As with so many other areas, corporate communications/public relations has been transformed by digital.
Gone are the days when the field mainly involved crafting press releases for journalists. Today,
it’s possible – and necessary – to connect with audiences directly.
A firm that has fully embraced this shift is Nissan North America.
The automaker has been excelling in developing content pieces that smartly use digital platforms to capture the attention of both consumers and the media.
Recently we chatted with William Mattiace, Content and Editorial Communications Manager, Nissan North America, to learn more about how the company approaches content strategy
and content creation.
Check out the full Q&A below:
Q: What is your role with Nissan?
A: I have been in this job since May 8, so I’m relatively new. I was with Ford Motor Company for about five years before starting my role with Nissan here in the U.S.
I work mostly on the earned media side, on the public relations/communications team. Any piece of content – a news release or photo or infographic – goes through our team. We make sure that it passes the litmus tests of: Is this it interesting to people? Will they be engaged?
It’s hard for brands to speak like humans most of the time. That’s the team’s goal: to ensure that we sound relatable and say something interesting.
My job often intersects with the paid marketing side. We want to have one voice, one story, and one message. No matter where a customer potential customer happens to run into Nissan content, we want things to be consistent and to ensure than an engaging story is being told.
Q: Why are you creating digital content? What are the goals?
A: If you’re not creating digital content these days, you’re probably not going to be selling much or be on top-of-mind for consumers.
I think it’s strange when companies have a digital department versus a traditional department, because it’s all so digital these days.
If you’re not doing digital content then you’re not you’re not reaching your customers and you’re not telling the story of your brand. Today everyone’s mobile phones live in the palms of their hands; they’re constantly swiping and flicking and paging through.
Maybe, just maybe, you’ll get a glimpse of their attention. So, the more you have out there that’s digital the better your chances of being seen.
In this chaotic media environment we’re all competing for a second or two seconds of someone’s attention.
Q: What’s the team like and what sorts of pieces are you creating?
A: We are essentially a former TV news crew, but our medium is no longer a television. It’s now a phone or a tablet or a computer.
We still do traditional public relations – such as press releases – but our mission is to also to get the consumer’s attention. That’s new for communication and public relations people. We have not able to communicate directly with the consumer this easily in the past.
But now we are creating tweets, we are creating GIFs, we are creating infographics, that we
know are going to be going to be seen directly by the consumer.
When we tweet out something for Nissan about a piece of news it links directly back to our media site, which in the past was just for media. Now we’re seeing a tremendous amount
of consumer traffic on NissanNews.com. It’s a great reminder that those press releases, although traditional, must be written in consumer language. They must be something that people can understand and they must be memorable and be interesting.
Q: Which metrics do you play close attention to? How do you measure whether or not you are capturing consumers’ attention?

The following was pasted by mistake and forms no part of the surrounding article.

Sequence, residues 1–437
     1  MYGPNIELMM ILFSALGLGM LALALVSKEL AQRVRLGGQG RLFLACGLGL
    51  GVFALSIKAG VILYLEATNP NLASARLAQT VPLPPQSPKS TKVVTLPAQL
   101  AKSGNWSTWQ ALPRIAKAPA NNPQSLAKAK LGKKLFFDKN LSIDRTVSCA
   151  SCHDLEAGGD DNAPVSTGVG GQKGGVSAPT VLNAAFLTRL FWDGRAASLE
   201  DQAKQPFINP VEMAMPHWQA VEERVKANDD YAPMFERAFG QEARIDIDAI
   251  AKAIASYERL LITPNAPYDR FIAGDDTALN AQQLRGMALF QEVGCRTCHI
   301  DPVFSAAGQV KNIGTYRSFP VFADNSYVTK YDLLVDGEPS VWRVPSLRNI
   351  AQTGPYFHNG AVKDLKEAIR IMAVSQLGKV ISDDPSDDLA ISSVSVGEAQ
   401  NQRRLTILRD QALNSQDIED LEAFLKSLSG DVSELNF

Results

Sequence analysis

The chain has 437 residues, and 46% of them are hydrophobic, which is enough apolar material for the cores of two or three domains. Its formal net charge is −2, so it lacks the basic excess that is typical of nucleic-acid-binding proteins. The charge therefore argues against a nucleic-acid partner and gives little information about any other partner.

A: I often get in trouble with our friends on the social media team because impressions always crack me up. I don’t think impressions is the most important metric to consider – but I’m also not sure what is.
I really encourage the team to measure engagement. We try to look at things like comments and sentiment. And if people ask questions I think that’s a tremendously powerful way to measure if something was successful. Because if people are asking questions then they’re paying attention and you’ve captured their imagination a little bit.
We also look a lot a who shares pieces, where they were shared, and when they were shared. Of course on the PR side we still count clips and coverage, but even on those stories we’re now looking at how much they’re shared and commented on. It’s a whole new level of engagement compared with the past.
Q: Do you have a few favorite pieces of Nissan content? What exemplifies what you do well?
A: One of my favorite pieces is a pretty new one.
We had the solar eclipse this summer and down here in Tennessee – where our headquarters is —– was in the path of totality. So, in nearby Nashville we had an artist make the largest lawn art ever created. And team members stood in it during the eclipse.
It’s a cool feature and to showcase it we created a video where we had of one of our employees act as a mom who left something in the backseat. It was a very visual way to tell the story.
A: One thing that I’m keeping an eye on is how to reach that coveted Millennial audience. That doesn’t necessarily mean new digital platforms are going to come out, but more knowing what’s popular and resonating on each of the existing platforms.
For example, everyone loves the filters and Snapchat. So, how does a brand leverage those?
Everyone loves the stories on Instagram. How does a brand use those and make the most of the swiping up and down and left and right?
We just announced that we’re one of the first brands to work with Facebook on their Camera Effects feature. With our Die Hard Fan App college football fans can now take a photo and add a face-paint, augmented reality filter to show their support.
It’s an example of how we’re striving to use what’s up-and-coming on these platforms. We want to engage our customers where they are and in the ways they are using technology